Wave of attacks kills at least 30 in Baghdad

The blasts on Wednesday came despite widely publicised operations carried out by security forces targeting militants in the capital and to the north and west, though the government has faced criticism that it is not dealing with the root causes of Iraq's worst violence since 2008.

The rise in unrest since the beginning of the year, with more than 3 700 people killed in 2013, has sparked concerns the country is teetering on the edge of a return to the brutal all-out sectarian war that plagued it in 2006 and 2007.

At least 11 explosions – most of them car bombs – went off across the city in predominantly Shi'ite neighbourhoods of the capital, as well as a confessionally mixed town just to the south of Baghdad, killing at least 30 people and wounding dozens of others, security and medical officials said.

The deadliest attack struck in the Jisr al-Diyala neighbourhood of south-east Baghdad, with at least seven people killed and 21 others wounded, police and a hospital source said.

But blasts also went off in other major Shi'ite neighbourhoods including Kadhimiyah and Sadr City.


The officials gave varying tolls, which is common in the chaotic aftermath of bombings in Baghdad, and the number of casualties appeared to be increasingly rapidly.

No group immediately claimed responsibility for the attacks, but Sunni militants linked to al-Qaeda frequently carry out such co-ordinated attacks targeting Shi'ite Muslims, whom they regard as apostates.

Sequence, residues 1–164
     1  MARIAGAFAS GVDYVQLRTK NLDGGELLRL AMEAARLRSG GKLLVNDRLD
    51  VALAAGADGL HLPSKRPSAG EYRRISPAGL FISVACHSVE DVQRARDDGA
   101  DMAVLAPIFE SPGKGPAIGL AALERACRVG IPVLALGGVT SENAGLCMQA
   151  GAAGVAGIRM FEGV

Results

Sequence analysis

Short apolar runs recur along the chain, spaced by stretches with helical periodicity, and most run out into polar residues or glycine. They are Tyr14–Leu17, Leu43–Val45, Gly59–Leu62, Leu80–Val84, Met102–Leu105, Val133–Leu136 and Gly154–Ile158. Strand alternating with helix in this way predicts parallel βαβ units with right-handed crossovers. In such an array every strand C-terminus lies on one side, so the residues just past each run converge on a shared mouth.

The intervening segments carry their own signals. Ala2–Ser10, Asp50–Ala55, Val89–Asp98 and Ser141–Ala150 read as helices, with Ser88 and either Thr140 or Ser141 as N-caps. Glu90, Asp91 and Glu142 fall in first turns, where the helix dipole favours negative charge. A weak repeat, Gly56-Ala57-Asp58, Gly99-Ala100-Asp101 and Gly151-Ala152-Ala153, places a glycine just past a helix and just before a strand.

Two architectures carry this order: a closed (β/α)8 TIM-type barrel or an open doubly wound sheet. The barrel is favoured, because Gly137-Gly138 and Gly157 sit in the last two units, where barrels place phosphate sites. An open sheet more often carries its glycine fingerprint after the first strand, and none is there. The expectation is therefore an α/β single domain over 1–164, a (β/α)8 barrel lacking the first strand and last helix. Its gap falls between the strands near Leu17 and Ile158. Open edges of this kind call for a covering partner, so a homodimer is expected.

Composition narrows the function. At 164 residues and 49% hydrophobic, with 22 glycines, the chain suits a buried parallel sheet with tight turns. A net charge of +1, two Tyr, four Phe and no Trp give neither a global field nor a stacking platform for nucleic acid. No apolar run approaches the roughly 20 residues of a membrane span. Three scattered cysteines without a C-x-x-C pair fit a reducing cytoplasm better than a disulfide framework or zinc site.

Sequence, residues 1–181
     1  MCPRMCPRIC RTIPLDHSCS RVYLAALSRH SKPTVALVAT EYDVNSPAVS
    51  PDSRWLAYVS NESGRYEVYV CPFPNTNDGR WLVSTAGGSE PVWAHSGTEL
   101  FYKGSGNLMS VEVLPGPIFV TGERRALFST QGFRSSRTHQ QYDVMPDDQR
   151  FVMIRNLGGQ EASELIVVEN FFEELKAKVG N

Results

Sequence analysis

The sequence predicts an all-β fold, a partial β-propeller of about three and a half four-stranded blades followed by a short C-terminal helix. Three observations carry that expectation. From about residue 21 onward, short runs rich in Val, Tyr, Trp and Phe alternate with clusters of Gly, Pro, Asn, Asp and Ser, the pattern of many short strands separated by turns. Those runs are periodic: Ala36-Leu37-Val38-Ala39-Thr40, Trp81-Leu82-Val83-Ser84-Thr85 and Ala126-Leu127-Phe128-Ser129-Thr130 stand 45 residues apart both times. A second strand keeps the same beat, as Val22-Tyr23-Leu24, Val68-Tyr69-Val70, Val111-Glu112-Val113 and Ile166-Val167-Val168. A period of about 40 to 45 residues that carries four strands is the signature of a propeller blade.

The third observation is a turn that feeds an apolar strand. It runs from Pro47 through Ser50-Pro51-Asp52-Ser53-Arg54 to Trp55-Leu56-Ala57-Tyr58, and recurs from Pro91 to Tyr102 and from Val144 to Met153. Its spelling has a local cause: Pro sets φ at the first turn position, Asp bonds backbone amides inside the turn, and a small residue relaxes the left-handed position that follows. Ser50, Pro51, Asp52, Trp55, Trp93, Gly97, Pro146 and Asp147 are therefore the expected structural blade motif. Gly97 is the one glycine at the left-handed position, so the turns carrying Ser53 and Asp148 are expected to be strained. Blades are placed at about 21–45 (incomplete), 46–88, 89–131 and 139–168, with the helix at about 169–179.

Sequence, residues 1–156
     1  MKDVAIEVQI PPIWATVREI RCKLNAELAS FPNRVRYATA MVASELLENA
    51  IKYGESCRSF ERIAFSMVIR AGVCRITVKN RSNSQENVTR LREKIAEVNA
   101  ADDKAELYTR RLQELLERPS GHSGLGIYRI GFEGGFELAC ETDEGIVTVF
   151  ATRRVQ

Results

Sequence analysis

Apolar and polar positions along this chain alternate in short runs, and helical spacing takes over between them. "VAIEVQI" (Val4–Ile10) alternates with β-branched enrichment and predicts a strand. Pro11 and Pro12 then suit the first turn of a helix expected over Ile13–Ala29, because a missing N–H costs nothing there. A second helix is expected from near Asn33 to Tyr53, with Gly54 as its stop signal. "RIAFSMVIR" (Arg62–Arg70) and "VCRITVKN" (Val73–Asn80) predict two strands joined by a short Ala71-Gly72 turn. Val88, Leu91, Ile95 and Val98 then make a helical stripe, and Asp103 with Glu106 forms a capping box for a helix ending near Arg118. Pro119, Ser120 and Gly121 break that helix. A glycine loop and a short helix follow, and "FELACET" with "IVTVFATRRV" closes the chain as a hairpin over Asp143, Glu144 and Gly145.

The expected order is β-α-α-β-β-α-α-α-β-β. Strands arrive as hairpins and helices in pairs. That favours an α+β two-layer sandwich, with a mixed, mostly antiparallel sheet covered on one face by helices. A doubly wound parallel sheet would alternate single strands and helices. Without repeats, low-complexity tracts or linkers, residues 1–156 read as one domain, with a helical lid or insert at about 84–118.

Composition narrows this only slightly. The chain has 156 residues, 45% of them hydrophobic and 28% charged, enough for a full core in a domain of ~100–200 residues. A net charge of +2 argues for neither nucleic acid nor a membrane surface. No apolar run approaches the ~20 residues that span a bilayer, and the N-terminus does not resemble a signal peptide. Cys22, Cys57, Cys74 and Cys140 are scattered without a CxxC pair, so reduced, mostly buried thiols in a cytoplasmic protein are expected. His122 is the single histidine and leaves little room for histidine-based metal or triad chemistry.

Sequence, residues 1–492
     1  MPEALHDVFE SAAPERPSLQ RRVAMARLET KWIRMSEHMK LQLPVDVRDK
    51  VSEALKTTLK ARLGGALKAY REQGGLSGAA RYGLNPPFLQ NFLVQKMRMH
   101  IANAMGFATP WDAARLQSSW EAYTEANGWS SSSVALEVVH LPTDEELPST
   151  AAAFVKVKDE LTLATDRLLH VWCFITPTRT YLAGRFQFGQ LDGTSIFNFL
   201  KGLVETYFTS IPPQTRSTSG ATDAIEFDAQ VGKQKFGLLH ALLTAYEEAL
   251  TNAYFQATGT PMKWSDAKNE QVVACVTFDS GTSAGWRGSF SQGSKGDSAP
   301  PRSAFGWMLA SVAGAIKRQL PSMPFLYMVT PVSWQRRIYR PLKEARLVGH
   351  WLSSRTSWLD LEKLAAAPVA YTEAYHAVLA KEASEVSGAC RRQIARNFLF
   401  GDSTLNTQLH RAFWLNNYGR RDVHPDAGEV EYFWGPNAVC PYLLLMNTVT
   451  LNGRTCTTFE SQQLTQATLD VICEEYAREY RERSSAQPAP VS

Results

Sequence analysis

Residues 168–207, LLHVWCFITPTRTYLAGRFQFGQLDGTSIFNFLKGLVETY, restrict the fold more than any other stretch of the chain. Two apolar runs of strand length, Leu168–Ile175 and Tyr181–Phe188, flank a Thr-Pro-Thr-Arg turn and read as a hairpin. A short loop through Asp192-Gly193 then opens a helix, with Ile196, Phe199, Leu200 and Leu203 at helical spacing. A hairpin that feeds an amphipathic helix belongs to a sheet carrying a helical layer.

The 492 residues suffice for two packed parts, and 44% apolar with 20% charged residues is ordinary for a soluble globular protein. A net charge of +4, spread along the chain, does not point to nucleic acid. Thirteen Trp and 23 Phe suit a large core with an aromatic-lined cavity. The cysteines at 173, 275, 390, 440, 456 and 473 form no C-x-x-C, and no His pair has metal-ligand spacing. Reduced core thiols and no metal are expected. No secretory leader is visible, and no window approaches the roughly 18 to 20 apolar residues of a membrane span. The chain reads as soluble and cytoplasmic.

Tackling Sunni frustrations
Wednesday's attacks were the latest wave of coordinated bombings to hit Baghdad this month.

On August 6, at least eight car bombs and several roadside bombs killed 31 people, while 47 people died in a spate of explosions and gun attacks in the capital on August 10.

Iraq has seen a marked rise in the level of violence since the beginning of the year, coinciding with demonstrations by the country's Sunni Arab minority against alleged ill treatment at the hands of the Shi'ite-led government and security forces.

Though diplomats and analysts have urged broad-reaching moves to tackle Sunni frustrations, which they say give militant groups room to recruit and carry out attacks, Prime Minister Nuri al-Maliki has vowed to press on with an anti-militant campaign led by security forces.

In addition to major security problems, the government has also failed to provide adequate basic services such as electricity and clean water, and corruption is widespread.

And political squabbling has paralysed the government, which has passed almost no major legislation in years. – AFP

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